028 - Dennis Leary
Updated: May 18
Dennis Leary is helping wage war on addiction and minimize its impact on individuals suffering from it and for those who have to experience seeing their loved ones sick and suffering. Aware Recovery Care is a pioneer in the in-home mental health and substance use disorder treatment industry, representing true innovation. Supported by a specially-trained team of addiction professionals, Aware offers a best-in-class in-home addiction treatment program backed by both logic and data. Enjoy.
The Illuminate Recovery Podcast is about Mental Health, Mental Illness, and Addiction Recovery. Shining light on ways to cope, manage, and inspire. Beyond the self care we discuss, you may need the help of a licensed professional. Curt Neider and Shelley Mangum are a part of Illuminate Billing Advocates (www.illuminatebilling.com). They are committed to helping better the industry and adding value to the lives of listeners by sharing tools, insights, and success stories of those who are working on their mental health.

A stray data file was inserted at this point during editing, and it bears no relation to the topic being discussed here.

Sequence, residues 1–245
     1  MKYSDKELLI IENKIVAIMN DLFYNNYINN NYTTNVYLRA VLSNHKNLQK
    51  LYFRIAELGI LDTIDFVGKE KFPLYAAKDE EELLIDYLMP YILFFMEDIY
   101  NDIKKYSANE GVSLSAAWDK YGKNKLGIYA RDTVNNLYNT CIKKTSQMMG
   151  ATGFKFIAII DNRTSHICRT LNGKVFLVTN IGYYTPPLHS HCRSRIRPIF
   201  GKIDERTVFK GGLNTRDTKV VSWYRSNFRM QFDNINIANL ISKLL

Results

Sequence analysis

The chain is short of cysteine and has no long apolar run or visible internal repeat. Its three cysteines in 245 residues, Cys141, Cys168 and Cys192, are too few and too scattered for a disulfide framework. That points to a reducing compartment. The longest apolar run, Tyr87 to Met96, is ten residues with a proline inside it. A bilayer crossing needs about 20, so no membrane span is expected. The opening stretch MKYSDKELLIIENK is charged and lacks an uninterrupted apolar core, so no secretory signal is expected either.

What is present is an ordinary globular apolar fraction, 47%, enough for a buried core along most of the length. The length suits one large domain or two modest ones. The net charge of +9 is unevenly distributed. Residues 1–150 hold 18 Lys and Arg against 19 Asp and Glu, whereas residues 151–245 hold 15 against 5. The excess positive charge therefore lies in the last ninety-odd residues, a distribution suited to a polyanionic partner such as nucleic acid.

Transcript (no grammar): dennis leary is helping wage war on addiction and minimize its impacts on individuals suffering from it and for those who have experienced seeing their loved ones sick and suffering aware recovery care is a pioneer in the in-home mental health and substance use disorder treatment industry representing true in innovation supported by a specially trained team of addiction professionals aware offers a best-in-class in-home addiction treatment program backed by both logic and data enjoy welcome to the illuminate recovery podcast we shed light on mental health issues mental illness and addiction recovery ways to cope manage and inspire beyond self-care we will discuss you may need the help of a licensed professional my name's kurt neider i'm a husband father entrepreneur a handyman and a student of life i avoid conflict i deflect with humor and i'm fascinated by the human experience and i'm shelley mangum i am a clinical mental health counselor and my favorite role of all times is grandma i am a seeker of truth and i feel like life should be approached with tremendous curiosity i ask the dumb questions i fill in the gaps the illuminate recovery podcast is brought to you by illuminate billing advocates make billing and collections simple with leader in substance abuse and mental health billing services verification and analysis of benefits pre-authorizations utilization management accurate claim submission and management denial and appeal management and industry leading reporting improve your practice's cash flow and your ability to help your clients with eliminate billing advocates today we are so fortunate to have dennis leary with us dennis is a certified alcohol and drug counselor he is all about creating quality in-home addiction treatment which is a little bit different than what i typically see he wants to make sure that anyone who needs treatment across the health care continuum have the opportunity for that so i'm excited to um learn a little bit more dennis about what you do but thank you so much for being here it's a pleasure to be here thank you so much for having me and i know i've you know i i myself am a clinical mental health counselor and um and i've been in the industry for quite a while i find it a most interesting industry you find the best of the best and sometimes the worst of the worst and and and you know i don't like i don't know if that's that's probably not the right political way to say that because i think everybody's most everybody's got a pretty good heart and just hasn't always had this the same opportunities or um learning capacity so i say that very lightly um i'm curious dennis when you focus on the in-home addiction treatment um let me first ask i want to come back to that but let me first ask how did you end up in the substance abuse industry right um i am a person that's in long-term recovery in myself for many years i struggled with a substance abuse and when i made the decision when i had experienced enough pain and i decided to get sober i went on and i had a pretty successful career however i started thinking about what i wanted my legacy to be and how i wanted to be remembered and um i figured that i wanted to be remembered and i wanted my legacy to be um really i know this might sound kind of you know cliche or you know but it's the god's honest truth i wanted to be i wanted my legacy to be and then i want to be remembered for doing my best to leave the world better for having been in it and so i want to do what i can for my part in this world to help wage war on addiction and minimize its impact on individuals suffering from it and the loved ones who have to experience their loved ones seeing their loved ones being sick and suffering that's pretty profound and it's very clear that to you that you found a passion for this work and definitely has made a difference especially with your own recovery story yeah um i feel like i don't feel necessarily that an individual has to have been has to be in recovery to be an effective addictions professional much like you know a brain surgeon doesn't have to have had brain surgery to be an effective brain surgeon however i do feel it does add a layer to you know another layer to where you can um add a little bit more empathy to you know you can understand from a personal perspective what uh the client may may be going through at that particular moment in time yeah agreed well it's a there's a relatability piece there um you know they might be able to put one over on on some people but less less able to on somebody that's been there yeah the any any any story they try that anybody tries to give me i wrote that book [Laughter] i wrote that chapter so they're reading to me from my own book so like chances are greater than that you know whatever whatever yarn anybody might try to spin on me i've already experienced it or said it myself isn't that the truth so talk talk to me a little bit about you know you've said that you have your own recovery journey um at what point in your life did that happen right so i um i started contemplating recovery later in life i had a couple failed attempts at it but i would probably say in my mid 30s is when i started you know attempting but i didn't get it until i was about 37 and when i was about 37 um you know i had finally experienced at whatever point you know i believe the term when somebody you know when we open here in the recovery circles somebody reaches their bottom right um i believe bottom is a relative term for one person it could be that their child saw them take a sip of beer for another person it could be that they got a dent in their bmw while they were drunk for another person it could be they were eating out of a trash can right so it's just all all relative and you know every bottom has a trapdoor because you can always go lower and so when i had finally reached the point to where i felt that i reached you know my threshold for pain um i just said there has to be another way to live and i you know i have a higher power i prayed to that higher power you know helped lead me up this pain it brought me to um the rooms of alcoholics anonymous and uh i began my journey one day at a time and here i am you know 11 years later wow that's incredible and and i mean these are these are difficult journeys right they don't come it's not like you just decide one day and it's all over there's a long road there of lots of learning and challenges along the way i would probably say the biggest misconception i had when um when i was active was that if i was sober every day would be a parade you know that every day was going to be streamers and you know oh my gosh like this is so wonderful like it is you know it's actually just life [Laughter] and one might say it can be even a little bit more stressful because when an individual is sick and suffering with an addiction that's generally the only thing that they're focused on right at least that was the only thing i was focused on was you know what was i going to do to further my you know further further my substance use disorder um however in recovery for me what it was like was driving a car and getting into a series of mini accidents until i learned how to avoid them so i was driving a car hitting hitting a wall and backing up going around the wall hitting a wall backing up and then kind of learning how to navigate so that i'm now i'm only scraping the wall now i'm just kind of fender bending the wall and then kind of now learning how to avoid the walls all together i love that analogy because that sounds a little painful well you know there's you know recovery is kind of you know um painful when it starts messy in the middle and then beautiful when it occurs yeah because it's a continuum right it really is a continuum and that goes for recovery from anything right i always like to give people a framework because an individual that does not have mental illness or you know addiction issues right might have a hard time kind of comprehending what that looks like but i believe everybody has struggled with something you know how many times have has somebody looked in the mirror and say i can't believe i ate that again you know sitting there with greasy fingertips or crumbs on their shirt and said i cannot believe i went for the fried chicken or the cheesecake again i can't believe i went back to that relationship again i can't believe i put myself in this situation for x y and z to happen again i can't believe i got fired from a job again you know and at some point we take a look at ourselves we take a look at our behaviors and we make a decision that something has to change and that's when the healing begins i love that too because i and i think you've put that probably more eloquently than anybody i've ever spoken with in the sense that we all i mean we do not come into this life without you know without the challenges that are present right it's just part of being a human being and so to think that any of us don't need some sort of help some sort of recovery it may not be substance abuse but you're right it's something we've got to figure out how to make those changes um and stop doing the same thing that's insanity over and over again right so i couldn't agree more even when you consider like the loss of a loved one or even the loss of a relationship it's really painful you have to get through that you have to recover you have to recovery from surgery it's all it's all a continuum it all takes time it all takes healing right yep it does and i'm wondering i know we talked a little bit about your family and we don't have to go in depth about that but how did your addiction and your recovery how did that affect your family right so um it really impacted my mother most dramatically i would say and that i probably would say because you know she didn't know where i was she didn't know what i was doing she didn't know whether i was safe because i'm i'm an isolator in my mind i'm thinking um you know i'm keeping my family safe by keeping them away from all of my shenanigans or whatever it is that i i was up to but in reality i'm just creating worry fear and anxiety for them because nobody's heard from me right and um and addiction it's often said in the community and i subscribe to it addiction is a family disease because um mom becomes a nurse dad becomes a parole officer uh you know your brother or sister becomes an accomplice because they lie for you or you know or they become a scapegoat because you're lying about them i didn't take it they took it you know they must have done it you know so um the whole family becomes disregulated when it comes to addiction because after years of that um you know nobody is functioning in the realm in which they're supposed to be because all the energy goes to the sick kid you know or the sick loved one you know so mom doesn't have time to also be a wife you know dad doesn't also have time to like coach the baseball team or whatever you know be the cub scout dad or whatever else it is that he's doing because all the energy is being poured into the the sick loved one that's suffering from from the disease or you know if it's a um a parent that's suffering you know the other parent you know is covering for that parent so they're they're doing dual roles and then and then nobody's taking care of themselves nobody's practicing self-care so um and that's one of the great things about aware recovery care uh is that we don't just treat the client um we have a family wellness department that actually works with the family um and so that they can start their own journey and path of healing and so they have their own team that helps them coach guide and assist them along the continuum of recovery so they can learn how to practice self-care how to get to self-help meetings we have family systems therapy once the client has been stable then is ready to engage in that to help regulate everybody back into the correct assimilated roles well that's profound and then i like the way you've said that it's systemic right it's the family you can't take uh someone that's dealing with addiction out of the family provide them with recovery and put them back in the same system you just can't and we've talked about that on this program quite quite a bit but but i like that that you offer that i'm curious how many families are resistant to going to getting that kind of support and help so um i would probably not many not many we have about we have about a 90 participation rate in the in the family and the family um in the family services and just so you know family is determined by blood um significant other or identified ally right anybody that's a support to you it could be your best friend it could be someone anybody that's in in your life that that your life impacts them in a meaningful way and their life impacts you in a meaningful way that's family um and often times friends can are the family that we choose so if it's a support person and it's an identified ally that's the person that we work with and um and we've seen great success with it because you're right it's all about systems and traditional treatment takes an individual out of their socio-cultural environment and puts them away into a designated place for a predetermined amount of time uh usually 28 days crams them full of psychoeducational material and tries to instill coping mechanisms in them and then sends them back to the same sick environment with a slip of paper that says go to an iop and hope that enough information stuck within that 28 days that they've gotten it and it's why it doesn't necessarily have the greatest outcomes however that's all we've had you know for the past 60 years it's all we've known um aware recovery care uh is a different type of model where we work in the home with the client and the family along a 52-week continuum that is a lot of time for change right and so we are we are continuously working with the client continuously working with the family and the other key differentiator is we pull in all the clients community providers so we're also working with the dentist if there is one you know the lawyer if there is one the parole officer the pcp the mental health counselor or therapist the psychiatric provider and we're asking for input from all these lenses and that's how we're generating our clients along with the clients strength based treatment plan because we're addressing every issue that the client has from a whole body person lens because we want to address not only them from a bio a biopsy a biological psychological and socio-cultural point of view we want to address their social determinants of health at the same time because by doing addiction is a very complex and multi-pronged disease it needs a multi-faceted treatment approach and we believe by doing an operating treatment in this way by facilitating treatment in this way that we're not just treating addiction we're removing barriers to recovery absolutely dennis i mean i i love the way you you describe this dynamic because you're right it is very complex and if you don't bring in support networks right people who know that you're in recovery so one you you take away the darkness and the hiding and all of those pieces the shame and you shed the light on it and you bring everybody into that place of healing and recovery and support so that's right how healthy i mean that's super healthy and i would imagine what i heard you say is that people um parole officers and corrections and i would imagine even insurance companies do you take insurance payments we do i would imagine that those organizations are watching what you're doing and really getting on board with that dynamic with that you know that multifaceted approach oh yeah well so i can tell you like you know our one of our one of our payers which is one of the largest uh insurance companies in the nation released a um you know report that showed during our program and for a year after clients that completed our program that not only uh you know when we do our problems not only are clients staying sober but their emergency room visits are down their psychiatric uh admission their psychiatric visits and in inpatient stays are are down vastly uh their their residential stays their readmissions into traditional treatment all of them are down by significant numbers and this is over 19 consecutive quarters that's impressive and so insurance companies do they pay attention to those kinds of things absolutely and and it makes a difference so how um willing are they to pay for 52 weeks of treatment right so we partner very heavily with anthem blue cross blue shield and um they're wonderful they because they see the benefit right and they see the benefit and they they know what the program does they see their client lives getting better and other insurance companies that we've worked with we work with anthem blue cross blue shield tufts florida blue blue cross blue shield of massachusetts vccn which is a veterans care administration the veterans administration network and we also work with beacon and unicare and so and other insurance companies um we've had great success with out-of-pocket i mean out of network benefits and single-case agreements that's incredible and at least matter of time um it's only a matter of time before all the other insurance companies come on board yeah i mean it is it's you have to start somewhere and you've obviously started with with your closest ally right in the insurance industry world anyway um and and then it branches out from there because i happen to know that in this industry which i am very closely connected with right of the insurance payments that insurance companies talk like they're paying attention and they talk to each other and and so what happens at one it's just going to trickle down into the others so yeah they're going to want to know well so hey if aware's doing this for you what can they what can they do for us that's exactly right and so it starts to really exponentially grow um after after you've done it a while right yeah because at the end of the day right um not only do we as providers but insurance companies want to see their patients living healthier lives they want that there they have a ton of program any insurance company you go to these days they have a ton of wellness programs they have all these programs where you can call up and you can speak to a nurse and a wellness consultant and a coach and they give you rewards and points for you know um going and getting your physical screenings and all these other things and they reward you with things like you know money off your premium and you know points that you can redeem at their store and all these other things so um they're really promoting health and wellness and um addiction costs this country when you think about it on a greater scale um in terms of you know when you think of crime when you think of public assistance when you think of just you know the the whole host of other socio-cultural factors billions of dollars a year you know and so um any way to reduce that and reduce health uh you know costs across that per capita healthcare costs across the continuum um that's really what it's about and that and that's a win for everybody because then and premiums go down equity and health care goes up people have access to more access to care uh health care is more affordable and so it's a win-win across the board for everybody yeah i could not agree more and the fact that you're also you know dealing with the systemic or the family dynamic you're breaking you know these cycles of addiction and abuse and you're going into the heart of the dysfunction and you're working with them to you know take away the shame of that and help them learn a different way of being together and having more happiness and greater you know satisfaction in life in their relationships so i can't think of too much that has more of an impact than what you're doing with these families yeah and uh in the high 90s um i can't i don't have that exact number in front of me but uh a client satisfaction survey it's the high 90 percentile said that that um as a direct result of being involved in our program that the relationship with their families improved uh uh i'm blown away let me ask you this so is all of your treatment with a wear recovery care is that all done in the home is it all based in the home it is we actually have um in-home withdrawal management which is um what the industry would call detox but we are very client centered so we will help a client withdraw from their symptoms in home um and that's done by medical staff by nurses and by um by addiction treatment staff and we have our standard 52-week in-home addiction treatment program we have in-home medication assistant treatment so we do in-home suboxone and home vivitrol and we provide that as a bridge while we source community providers for our clients because we're very community integrated by the end of our program we want to have worked our way out of a job we don't want the client to be reliant on us we don't want the client to be reliant on our providers so we patch the client into the resources in their community so they can function and assimilate into a recovery oriented based lifestyle in their community where they live from the safety of their own home and they're doing that without having to leave the things they love so their comforter that they've had since they were however old is still there they're not leaving their pets they're not leaving you know their significant others because let's face it not everybody can go away for 28 days that's not a realistic option we have single mothers we have you know business executives we have people whose jobs depend on them being there and they can't leave for 28 days but because we have such an innovative model we can meet the client before work on their lunch break after work on the weekend so our motto is meet the client where they're at and we do that both you know physically emotionally mentally you know where they are in whatever stage of change they are that is our motto wherever you are is where you're supposed to be and that's where we're going to meet you wow that is so cool dennis that's it's very powerful to think of the lives that you're changing and the communities that you're changing um i'm just i'm just in i'm just trying to wrap my head around this idea of of i don't see very many programs that go into homes there are some but i don't see a lot that really focus all of their energy there or that have been able to do it successfully um so we we have um had great success on it and i would think that that is due to one our our model and our concept the culture of our agency the culture of our agency the training that we put our staff through um because it's from for being an i-hat clinician or i-hat certified recovery advisor or an i-hat care coordinator um all those things are different in the home you can be a behavioral health clinician and be working at a traditional agency it's very different from being in the home when you're when you're doing that in the home you know what we teach you know in the the standard things in faction control we're joined commission accredited dually a joint commission accredited in both behavioral health and home health so you we have the standard policies and procedures surrounding that safety infection control so on and so forth but among that you know we're taught to be observant so you're looking you're looking for signs of dishevelment you're constantly assessing the client for changes um you're looking at the different dynamics that are within the home because that's where it all happens right and so if a person doesn't have recovery at home they do not have recovery if you don't have peace and serenity and and and and you're not feeling safe where you live then you are not safe and you do not have recovery so we will do our best to make that home the safe uh to make that home a safe treatment environment and if we feel like we can't regulate it we will then have the client placed in silver living or another another uh place where where it will be safe for us to to give treatment to the client well how much of your treatment modalities how many of the providers provide treatment through telehealth um so we have a split schedule right now right um during we never really went fully remote um so we were already a mobile-based company anyway so we had telehealth before people really were you know you know what's telehealth you know we were already using that and so when covet hit and um and and the lockdowns occurred uh you know we were well primed for that you know we already had that we already had the technology and protocols in place so it wasn't really that much of a short stretch as um as time goes on you know we were able to um lift our own restrictions and modify it based according to the you know cdc guidelines and we have a um a vice president of our integrated health who um who you know works with our compliance officer to make sure that staff and client safety is paramount and above fallout right and so we have them on a a staggered a staggered schedule and our our our program starts out fairly heavily in both visits and clinical intervention and then gradually drops down over the course of the year so that by the end of the year they're seeing us one time a week and so if a client is seeing us one time a week that's going to be a face-to-face visit um however during the more you know the first two weeks it's five it's it's five times a week that we're seeing the client that's going to be that's going to be a blend so it's going to be a blend of telehealth and in person nice um and i think it's a good balance because you still need to see them you need to be able to assess things you can't do over telehealth but telehealth can feel some of that space and right now if this was a telehealth session i see exactly what's in front of me right if i'm in the home i get the whole picture i can see everything that's going on around you do you have wait a minute this isn't really like you you have dishes in the sink what's going on wait a minute like you know the house is looking a little unkempt it's really easy to tidy up one area and make it you know appear okay right but physically in the home you get to see everything but you know what's going on with it is your husband there is yelling you know what's what you know that's that's where uh a lot of the visual aspect and the assessment comes from is what's going on in the home yeah absolutely and i love that combination go ahead the other thing i was going to say is because the other thing that's really key about working in the home with the client is um we know traditionally speaking and i'm sure you can relate to this because of your time in the field it's not often that change with the client occurs in your office during the session it doesn't right change happens outside of the office when the client is back in the you know wherever it is that they're doing and uh trying to implement those skills when faced with negative life experiences negative uh peer group associations or triggers that's where we come in and we're kind of like that second shift of whatever the medium or intervention is again dynamic is happening in therapy in with the doctor and with the prescriber because remember we're collaborating and taking those interventions we're carrying them on okay the client is struggling with medication adherence we're going to talk about medication adherence this week we're going to keep going we're going to build you out of schedule and we're going to do that in the home right until that sticks right and so like now now we've got a routine set up because that's where the change happens medication adherence happens at home when the client's got to take his medication not when the doctor's talking about it to him for the 15 minutes in the office right which is reality right you're taking it right back to the reality of in the space where things happen and and like you said there's a place for residential treatment where someone leaves their environment and goes there but not everybody can um but you're you're leaving them in this environment that's triggering instead of taking them out of it they're having to learn how to deal with it in the moment more than than if you remove them from the environment yeah exactly because again um we're about changing that home environment right we're about changing and making that home environment safe so it is not triggering so that it is peace so that it is serenity so that home is a safe space it's a refuge for you it's your sanctuary it's where you go to reflect it's not where you go to be stressed stress is for everywhere else you have that at work you have that in the community you have that over here you don't have that home is for peace nice i love that a safe place to come a safe place to retreat to and and find safety and support as opposed to chaos yeah that's your cocoon that's your that's your that's your safe happy place home is your safe happy face and i imagine it's i mean i would imagine that would take a good year or more just to change that system and dynamic that's been going in and on in that home for years and years well you know it's recovery from anything is a lifelong process it's never a one and done it's never like okay i'm cured right it's uh you know it reaches a maintenance stage where you know you've got to tune yourself up you got to keep yourself going you know however um you know it's it's never done right because the moment you stop growing and you start stagnating and start stagnating you start regressing and and and those old behaviors start creeping up because there's a there's a saying in the recovery community and i subscribe to it is that while you're sitting there in recovery your addiction is doing push-ups and it's getting stronger and stronger and stronger and shrunk and addiction doesn't come to you flat out in the open and say you know hey dennis this is your addiction talking i think the drink would be really good today your addiction comes to you in a real smart voice that says you know what it's been really stressful today oh gosh a beer would be really nice to me that's the how addiction talks to you right it doesn't doesn't come right out it kind of sneaks up on you in in small doses and unless you're maintaining those coping skills and those those um maintaining the things that help get get you silver you know it's it you can become stagnant and regress because remember relapse is a process not an event you know the the the actual picking up of the substance is just the period at the end of a very long sentence if you trace it back and do a chain analysis on it you can figure out where the relapse happened was actually three months before you ever picked up the drink and when you stopped going when you start picking up your phone call for you know from your support network or from your sponsor or whomever you you choose to call this person yeah super super that and that in and of itself is a skill to be able to trace back right to see it it didn't start here when i picked up the drink it started way back when yeah and and you know um helping the client see that too right helping the client understand oftentimes our clients are you know individuals in recovery or you know that that have had other experiences too they're so used to being penalized for um for for having you know a recurrence or for having their symptom of their disorder returned and like we're a non-punitive agency so we believe that a recurrence is a reason to re-evaluate your recovery and take a look at it because generally it means you're doing too much of this and not enough of this or all of this and none of that and it means your recovery needs to tune up when i have a client that's struggling with you know some behaviors or whatever i don't even i don't even ask about the relapse we know about the relapse we know what you do tell me about your recovery tell me about what that looked like because that's what i want to know about let's talk about where where was it unbalanced because i can guarantee you somewhere in there it was unbalanced because nobody goes from stable recovery to using overnight because it does not happen it happens to observers because that's all they see but to the person who's actually you know ended up relapsing they can trace it back right every time have you ever seen where they can't trace it back no i've never seen it once you might have to help them understand a little bit what you're looking for but then he'll be like okay wait a minute i started smoking cigarettes then i stopped going to meetings i stopped taking phone calls i started isolating i quit my job i got involved with this relationship the relationship was very toxic i started arguing and then they you know then you can start seeing i always yeah i like to draw a hill going up to how you got to recovery and then the pinnacle being when you reach you know whatever point of sobriety and then a hill going down my outline okay so you did this you did this you did this you did this now we come up with ideas and barriers but because if we put a barrier here you would have never reached here so the idea is to put as many barriers between you and the actual picking all of the substance so that like you have interventions that you can rely on super powerful i'm curious you said that you also do the detoxing in the homes how do you safely and i know you're gonna have a great answer for this how do you safely detox somebody on alcohol and benzos right so we are we what we we use the american society of addiction medicines criteria right with all of our assessments and all of our our scale ratings and so we're able to safely with help somebody withdraw from their symptoms um if they score at a moderate or a mild level uh severe we would have to refer out because it wouldn't be safe and so we issue evidence-based assessments cows sea was and uh based on their scores um nurses go out on a rotating schedule take vitals um comfort medications are prescribed on a daily basis so that there's no risk of um you know you know taking more than what you're prescribed because you want to describe what you need for the day and so uh you know and then our our certified recovery services department goes out and um everything's tailor fitted to the individual so if the individual is in the in-home withdrawal management level of care the interventions that we're working on that client with are basically like what are you going to expect and how you're going to deal with it so okay so like you know the truth of the matter is early recovery does not feel good especially if you're withdrawing for something if you're withdrawing from something so like let's talk about how we're going to deal with that and we teach them holistic and alternative methods very cool um and and powerful too because again you've you know if you need a hospital stay if you need an er stay or a detox stay then of course that's going to be what you prescribe but if not if they can meet at a lower level then you provide the services they need to do it safely we have an obligation as treatment professionals to give the client the proper level of treatment in the least restrictive level of care that's that's what we should be striving to do as addiction treatment professionals at all times giving the proper level of treatment in the least restrictive care so you know if if a client does not need to go away why would we want to send them away there's there's no need for that right the client does not need to go away through 28 days and can safely receive treatment in their home or community based support why wouldn't we do that and so it sounds like you're providing all levels of care other than a residential and the residential is really just taking place in their homes which well there's again according to the acm criteria we treat we treat people that would traditionally um be in a iop or down intensive outpatient level of care or down so if somebody requires if somebody would require residential stay or they scored that high we would not it would be inappropriate for us to have them in our program we would ask for them to go to a 28-day program and then step down to us and we would continue the care from there oh fantastic so you've probably got a lot of feeders from some of these residential programs as well i would imagine we have relationships that we've established with um um preferred preferred people that we do that we work with on a regular basis um where where you know we we have a working relationship with them um to where like you know we're safe and we're comfortable and we know the institution we know the people that work there and we will refer clients that are in need of treatment there and then you know take over their care at discharge because we we start planning for their integration back into with aware from the moment they go to that program we also have an internal higher level of care which means that if at any point during our continuum a client suffers any setbacks or has any struggles and requires additional services they can be bumped back to a certain phase at no additional cost to the client which is supporting them right it's supporting that recovery for what recovery is it's an up and a down yeah and so every time i see um an individual walking down the street with a garbage bag i'm wondering what treatment center they got kicked out of because generally speaking um addiction services is one of the very few parts of the medical community where we punishment is the treatment of choice for the disease returning yeah and it's a catch-22 because if you're living at a facility and you're using it's not safe for everybody who's there but at the same time what about this you know this person that's still struggling with the with this illness of addiction right yeah exactly it sounds like um aware recovery care has been around for a really long time from just from what i'm hearing and that they're very well established what's the size and um longevity of of this organization so we were established in 2011 and then we had a proof of concept done with two addition psychiatrists out of yale and then we started in connecticut and then we started expanding and we're now in six states we are in maine we're in massachusetts we're in connecticut we're in florida we're in indiana and we are in florida and then we have plans to expand to uh pennsylvania new york rhode island and virginia uh all within the next um you know upcoming year year year and a half wow that's pretty aggressive um growth as well well again our insurance our insurance partner has seen the impact that we've had on not just the opiate epidemic but we have had a tremendous impact on the opiate epidemic with the clients that we serve but also with um the the general uh substance use disorder population that comes to our program and you know uh if if we could be everywhere we would be but uh we need to scale and build that out and make sure we have properly trained staff in our model make sure that you know so that takes a little bit of time but to think about um you know in the five years that i've been with the company to go from one state to six that's you know it's pretty significant yeah it is it really is um and so it brings up another question in my mind it seems like that kova particularly escalated this is that there seems to be a shortage of health care providers therapists substance abuse counselors you know everybody in that industry seems to be taxed and it's a little bit hard to find the quality of person that you may want how are you guys addressing that piece so for us um we have an average turnaround time from referral to start of care of 48 hours so we're very quick turnaround time with starting our start of care and um we generally don't have a problem so all of our clients are you know part of our program um is that you know you must be you must be involved in therapy you must be involved and you know every client has the right to choose or not choose what they want to do with their life but if you want to be in this program we we have to be in this program and therapy is part of that program and so as well as you know getting routine health care and all these other things right and so um we have partnerships with therapists all over each state that we've been in and psychiatrists and pcp practices and um medication assist you know addiction medicine doctors and you know and so we have we really don't have we we're not seeing that effect right because we have these relationships built uh you know we also have uh you know in in a very worst-case scenario we have in-house therapists that can provide that if needed well our preference is external because we believe in community-based providers right because that's who they're going to stay with it's exactly what you said right we don't want them dependent on the organization we want to integrate it into the community and a safe place to be so exactly i like that it's it's impressive and i can tell that it's very a fairly mature process and system yes absolutely a lot of a lot of time effort thought and energy has went into uh developing it dennis do you have um i mean i'm i'm absolutely intrigued with this conversation and where we're going um you know and we're getting running out of time and and uh um but i'm curious as to um if people if people want to connect with you especially with the growth and and the program that you offer people are going to want to be able to connect with you and um where can they get you right so uh my email is d leary at aware recovery care dot com my phone number is 2 0 3 6 3 1 2 5 5 6 and you can always visit awarerecoverycare.com i always um i'm quite impressed with people who are willing to give their phone number which means you're not afraid to pick up that phone and talk to anybody who needs some help i am not that's why i'm in this business i had a person call me yesterday and tell me that um i am calling you and i'm sitting in front of a liquor store and i don't want to drink and those are the calls of why i got this job right that's why i do what i do and uh we talked we talked for about 20 minutes i asked him to pull away from the liquor store he did and then we talked about how to get him into treatment this is what i do and i love doing it i can tell you love doing and you're super passionate and you're super educated and knowledgeable about it so thanks for sharing your wisdom with us today it's been absolutely incredible for me i've enjoyed your stories i'm sure that you have a lot more to tell but for this particular episode we're going to call it call it and and just thank you so much my pleasure thank you for having me